Installing Windows Server 2003 on Xen on Red Hat Linux 5

After being challenged several times during the process of installing Windows Server 2003 into a fully virtualized Xen environment on Red Hat Enterprise Linux 5 (RHEL 5 or CentOS 5) I decided that a quick tutorial for those of you who wish to install in exactly the same way would be helpful.  There are several potential road blocks that must be addressed including issues with accessing the graphical console (necessary for a normal Windows installation process)  if you are not working from a local Linux workstation with a graphical environment installed.

I like to start a Xen installation using the very handy virt-install command.  Virt-install, available by default, makes creating a new virtual machine very simple.  I will assume that you are familiar with this part of the process and already have Xen installed and working.  If you are not sure if your environment is set up properly, I suggest that you start by paravirtualizing a very simple, bare-bones Red Hat Linux server using the virt-install process to test out your setup before challenging yourself with a much more lengthy Windows install that has many potential pitfalls.

The first potential problem that many users face is a lack of support for full virtualization.  This is becoming less common of a problem as time goes on.  Full virtualization must be supported at the hardware level in both the processor and in the BIOS/firmware.  (I personally recommend the AMD Opteron platform for virtualization but be sure to get a processor revision, like Barcelona or later, that supports this.)

Using virt-install to kick off our install process is great but, most likely, you will do this and, if all goes well, you will begin to format your hard drive and then you will find that your Xen machine (xm) simply dies leaving you with nothing.  Do not be concerned.  This is a known issue that can be fixed with a simple tweak to the Xen configuration file.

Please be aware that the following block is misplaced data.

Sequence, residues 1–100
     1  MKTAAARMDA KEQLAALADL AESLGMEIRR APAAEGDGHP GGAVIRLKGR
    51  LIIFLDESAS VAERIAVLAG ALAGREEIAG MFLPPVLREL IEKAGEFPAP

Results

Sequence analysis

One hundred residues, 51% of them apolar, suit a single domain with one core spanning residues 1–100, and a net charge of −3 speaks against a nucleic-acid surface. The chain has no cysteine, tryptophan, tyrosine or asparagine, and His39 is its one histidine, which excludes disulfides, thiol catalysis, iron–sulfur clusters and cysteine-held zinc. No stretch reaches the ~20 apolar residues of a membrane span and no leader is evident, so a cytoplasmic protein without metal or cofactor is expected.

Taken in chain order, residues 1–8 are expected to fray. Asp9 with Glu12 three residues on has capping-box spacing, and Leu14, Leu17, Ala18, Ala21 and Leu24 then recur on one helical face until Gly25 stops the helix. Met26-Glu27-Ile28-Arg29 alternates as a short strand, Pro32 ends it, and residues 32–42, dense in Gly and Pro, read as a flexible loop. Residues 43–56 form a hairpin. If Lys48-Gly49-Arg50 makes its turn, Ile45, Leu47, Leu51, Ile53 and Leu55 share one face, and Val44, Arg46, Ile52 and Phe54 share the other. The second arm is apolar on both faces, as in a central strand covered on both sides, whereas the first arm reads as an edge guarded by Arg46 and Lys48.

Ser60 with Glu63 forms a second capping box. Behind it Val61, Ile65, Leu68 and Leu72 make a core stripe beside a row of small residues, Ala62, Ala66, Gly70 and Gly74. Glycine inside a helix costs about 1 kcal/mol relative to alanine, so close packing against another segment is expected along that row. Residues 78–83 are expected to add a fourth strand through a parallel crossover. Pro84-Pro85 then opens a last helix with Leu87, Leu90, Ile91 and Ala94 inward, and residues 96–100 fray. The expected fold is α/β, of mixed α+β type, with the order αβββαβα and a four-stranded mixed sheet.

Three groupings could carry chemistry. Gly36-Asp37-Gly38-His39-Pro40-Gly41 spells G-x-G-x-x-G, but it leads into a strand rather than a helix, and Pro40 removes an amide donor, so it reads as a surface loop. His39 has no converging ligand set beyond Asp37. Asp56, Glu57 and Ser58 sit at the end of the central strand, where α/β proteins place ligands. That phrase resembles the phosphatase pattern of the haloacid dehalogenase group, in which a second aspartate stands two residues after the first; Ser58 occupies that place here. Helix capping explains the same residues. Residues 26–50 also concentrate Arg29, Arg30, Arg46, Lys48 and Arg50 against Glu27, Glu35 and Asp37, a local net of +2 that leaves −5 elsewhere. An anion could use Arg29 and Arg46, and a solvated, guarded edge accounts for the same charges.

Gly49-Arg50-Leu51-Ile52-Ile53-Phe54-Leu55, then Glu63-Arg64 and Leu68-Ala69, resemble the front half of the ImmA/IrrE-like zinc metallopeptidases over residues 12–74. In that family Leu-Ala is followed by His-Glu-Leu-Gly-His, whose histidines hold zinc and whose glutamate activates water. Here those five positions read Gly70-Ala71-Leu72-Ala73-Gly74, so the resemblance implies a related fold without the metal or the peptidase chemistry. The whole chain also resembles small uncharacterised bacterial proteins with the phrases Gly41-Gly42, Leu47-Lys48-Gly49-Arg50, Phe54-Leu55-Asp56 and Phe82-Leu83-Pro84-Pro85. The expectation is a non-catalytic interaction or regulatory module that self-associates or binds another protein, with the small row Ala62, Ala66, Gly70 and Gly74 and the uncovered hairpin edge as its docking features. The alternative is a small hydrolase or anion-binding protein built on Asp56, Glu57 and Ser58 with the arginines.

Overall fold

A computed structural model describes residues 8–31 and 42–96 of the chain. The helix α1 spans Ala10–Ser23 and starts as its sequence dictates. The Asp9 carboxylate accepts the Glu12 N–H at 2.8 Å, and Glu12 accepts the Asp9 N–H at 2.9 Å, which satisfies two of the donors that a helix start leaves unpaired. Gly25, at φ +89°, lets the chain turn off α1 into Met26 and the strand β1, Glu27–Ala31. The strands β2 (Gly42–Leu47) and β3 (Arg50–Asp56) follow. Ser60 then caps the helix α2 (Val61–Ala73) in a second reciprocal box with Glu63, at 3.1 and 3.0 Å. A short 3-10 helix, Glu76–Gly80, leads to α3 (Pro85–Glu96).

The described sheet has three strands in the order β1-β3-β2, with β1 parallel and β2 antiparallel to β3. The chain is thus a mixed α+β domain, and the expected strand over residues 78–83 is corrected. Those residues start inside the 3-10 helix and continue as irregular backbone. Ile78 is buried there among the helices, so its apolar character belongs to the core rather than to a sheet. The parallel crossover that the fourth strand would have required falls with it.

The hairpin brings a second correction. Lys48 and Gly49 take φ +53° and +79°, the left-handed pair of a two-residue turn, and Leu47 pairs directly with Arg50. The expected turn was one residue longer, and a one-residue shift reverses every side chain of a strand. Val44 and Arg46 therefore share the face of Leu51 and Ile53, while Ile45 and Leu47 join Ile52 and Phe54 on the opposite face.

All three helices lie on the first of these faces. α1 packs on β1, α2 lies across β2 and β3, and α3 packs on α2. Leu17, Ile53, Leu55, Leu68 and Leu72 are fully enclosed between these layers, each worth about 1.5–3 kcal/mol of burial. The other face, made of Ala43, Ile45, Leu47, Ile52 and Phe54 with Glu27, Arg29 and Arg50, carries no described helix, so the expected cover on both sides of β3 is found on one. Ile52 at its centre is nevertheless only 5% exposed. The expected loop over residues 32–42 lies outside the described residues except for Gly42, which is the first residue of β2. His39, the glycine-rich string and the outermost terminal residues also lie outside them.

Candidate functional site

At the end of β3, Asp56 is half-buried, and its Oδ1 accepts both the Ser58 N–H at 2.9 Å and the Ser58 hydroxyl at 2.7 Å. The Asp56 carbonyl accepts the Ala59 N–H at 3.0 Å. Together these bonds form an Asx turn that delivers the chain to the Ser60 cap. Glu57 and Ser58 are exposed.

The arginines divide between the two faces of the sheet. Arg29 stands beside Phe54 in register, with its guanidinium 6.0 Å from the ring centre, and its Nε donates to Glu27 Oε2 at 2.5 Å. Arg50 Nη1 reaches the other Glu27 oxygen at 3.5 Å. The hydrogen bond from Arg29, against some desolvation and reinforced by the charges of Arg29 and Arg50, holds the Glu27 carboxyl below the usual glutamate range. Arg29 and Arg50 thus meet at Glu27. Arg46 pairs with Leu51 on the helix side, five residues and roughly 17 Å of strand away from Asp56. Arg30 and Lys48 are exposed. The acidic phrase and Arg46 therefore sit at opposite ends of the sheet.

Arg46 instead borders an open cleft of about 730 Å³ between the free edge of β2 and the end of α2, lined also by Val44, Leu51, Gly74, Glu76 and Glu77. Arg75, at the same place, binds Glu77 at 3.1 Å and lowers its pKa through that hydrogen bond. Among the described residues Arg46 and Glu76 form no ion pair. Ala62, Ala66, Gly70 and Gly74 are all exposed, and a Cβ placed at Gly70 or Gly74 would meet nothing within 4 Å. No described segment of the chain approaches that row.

CD Drive Configuration Issues

In some cases, you may have problems with your CD / DVD drive not being recognized correctly.  This can be fixed by adding a phy designation in the Xen configuration file to point to the CD-Rom drive.  This is only appropriate for people who are installing directly from CD or DVD.  Most people prefer to install from an ISO image.  Using an ISO does not have this problem.

In Red Hat, your Xen configuration files should be stored, by default, in /etc/xen.  Look in this directory and open the configuration file for the Windows Server 2003 virtual machine which you just created using virt-install.  There should be a “disk =” configuration line.  This line should contain, at a minimum, configuration details about your virtual hard drive and about the CD ROM device from which you will be installing.

The configuration for the CD ROM device should look something like:

disk = [ “file:/dev/to-w2k3-ww1,hda,w”, “,hdc:cdrom,r” ]

You should change this file to add in a phy section for the cdrom device to point the system to the correct hardware device.  On my machine the cdrom device is mapped to /dev/cdrom which makes this very simple.

disk = [ “tap:aio:/xen/to-w2k3-ww1,hda,w”, “phy:/dev/cdrom,hdc:cdrom,r” ]

Accessing the Xen Graphical Console Remotely via VNC